Times Past


This photo, reprinted from the World War I book Called to the Colors, published last year by the Historium, is believed to show the second contingent of 64 military draftees who gathered in Gainesville in February 1918 to be taken to the train station in West Plains in a caravan of 15 cars. The Times reported, “It took a half hour for all the cars to cross the North Fork on the Hodo ferry. Crowds thronged the ferry and the waysides to wave cheer and blessings.” The book lists the names of the men separately from the photo, so we don’t know who’s who in the picture. But one of them is believed to be Lawrence Cates, who shipped out with the second contingent, and whose death at Camp Funston was reported in the April 12, 1918, Times item shown below.
Ozark County TimesApril 12, 1918 Lawrence Cates, one of the 64 boys who left here on Feb. 25 for the training camp at Camp Funston, died of pneumonia on Wednesday of last week.The body arrived at the home of his parents near Noble on Saturday and was interred with impressive ceremonies in the...

This photo of “Elbert Amyx and His Project” is taken from a 1930-31 booklet in the Historium’s collection that was published by Bakersfield School to promote its innovative programs. The text with the photo says, “Vocational Agriculture is the only course offered in high school in which the boy earns while learning. Each boy taking Vocational Agriculture is required to carry on a home project related to the school work and supervised by the instructor, carried to completion on the farm. ... [T]he boys are given practical training in farm shop in which they learn the fundamentals of woodwork, sheet metal, hot metal, concrete, leather and rope. Students are also given practical training in the field in almost every line of farm management such as soil improvement, erosion, pruning, and judging.” Interestingly, while the 1930s text refers only to boys, state numbers show that the number of vo ag students today is split about evenly between male and female students. And two of Ozark County’s four high school vo ag teachers are women.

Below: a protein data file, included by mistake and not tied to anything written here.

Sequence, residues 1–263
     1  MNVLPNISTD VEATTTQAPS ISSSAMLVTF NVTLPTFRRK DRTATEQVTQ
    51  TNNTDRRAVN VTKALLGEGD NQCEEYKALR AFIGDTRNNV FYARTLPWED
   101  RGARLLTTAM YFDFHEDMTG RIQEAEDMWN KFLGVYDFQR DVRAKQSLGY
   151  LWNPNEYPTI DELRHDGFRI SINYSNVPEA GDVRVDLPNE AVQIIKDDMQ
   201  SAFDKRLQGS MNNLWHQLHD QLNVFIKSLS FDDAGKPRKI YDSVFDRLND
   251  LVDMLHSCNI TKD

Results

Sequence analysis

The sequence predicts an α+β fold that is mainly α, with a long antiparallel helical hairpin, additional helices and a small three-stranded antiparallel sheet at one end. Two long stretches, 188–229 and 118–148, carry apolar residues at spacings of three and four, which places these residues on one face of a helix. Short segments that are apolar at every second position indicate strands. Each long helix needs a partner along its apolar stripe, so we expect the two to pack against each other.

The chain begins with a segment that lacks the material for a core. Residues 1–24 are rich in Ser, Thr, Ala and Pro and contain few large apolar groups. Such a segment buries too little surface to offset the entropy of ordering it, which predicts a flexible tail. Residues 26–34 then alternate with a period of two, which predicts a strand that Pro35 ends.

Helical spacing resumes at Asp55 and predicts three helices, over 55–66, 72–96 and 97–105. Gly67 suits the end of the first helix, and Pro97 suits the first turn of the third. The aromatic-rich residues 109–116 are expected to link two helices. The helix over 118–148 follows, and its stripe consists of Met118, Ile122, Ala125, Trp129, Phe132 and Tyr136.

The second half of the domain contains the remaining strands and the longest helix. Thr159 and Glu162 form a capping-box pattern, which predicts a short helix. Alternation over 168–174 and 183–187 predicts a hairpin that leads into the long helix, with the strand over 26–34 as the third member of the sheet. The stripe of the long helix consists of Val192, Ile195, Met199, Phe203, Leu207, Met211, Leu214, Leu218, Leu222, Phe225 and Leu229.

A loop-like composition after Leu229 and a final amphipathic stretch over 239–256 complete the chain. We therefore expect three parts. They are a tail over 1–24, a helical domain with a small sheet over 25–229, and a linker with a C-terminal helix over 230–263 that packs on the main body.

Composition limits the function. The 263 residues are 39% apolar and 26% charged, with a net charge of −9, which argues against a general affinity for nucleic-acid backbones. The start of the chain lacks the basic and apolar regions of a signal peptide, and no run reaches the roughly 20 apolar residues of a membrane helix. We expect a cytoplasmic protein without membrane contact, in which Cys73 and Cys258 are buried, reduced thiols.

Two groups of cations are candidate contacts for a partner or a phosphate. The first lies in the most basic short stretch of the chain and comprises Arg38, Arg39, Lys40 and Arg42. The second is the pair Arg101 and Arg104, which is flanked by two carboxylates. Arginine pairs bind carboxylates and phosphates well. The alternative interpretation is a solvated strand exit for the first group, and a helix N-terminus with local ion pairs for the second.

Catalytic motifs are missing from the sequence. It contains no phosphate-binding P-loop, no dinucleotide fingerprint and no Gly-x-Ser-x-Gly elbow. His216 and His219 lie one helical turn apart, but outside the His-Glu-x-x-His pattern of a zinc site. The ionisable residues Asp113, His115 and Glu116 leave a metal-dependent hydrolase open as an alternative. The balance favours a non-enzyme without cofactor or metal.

Ozark County TimesApril 3, 1908 The news of the death of Edward Upton last Sunday came as a shock to his many friends of this vicinity. He was taken dangerously sick with pneumonia on Sunday, just a week before he died, and grew rapidly worse until his death.Mr. Upton was a member of the Masonic...

These photos of the Dora Roller Rink, reprinted with permission from the Dora School Library’s Facebook page, are from the Thornton family collection and are dated June 1958. Former Dora student Martin Capages, in his book “Recollections of a Dora Farm,” said the skating rink was the town’s “social center” in the 1950s. “The eighth graders would race and slide around the corners, but the high school girls would skate with their boyfriends to the Everly Brothers’ ‘All I Have to Do Is Dream’ and Pat Boone’s latest,” he wrote. It cost a quarter to skate, he said, and “There were never any fights or negative events.”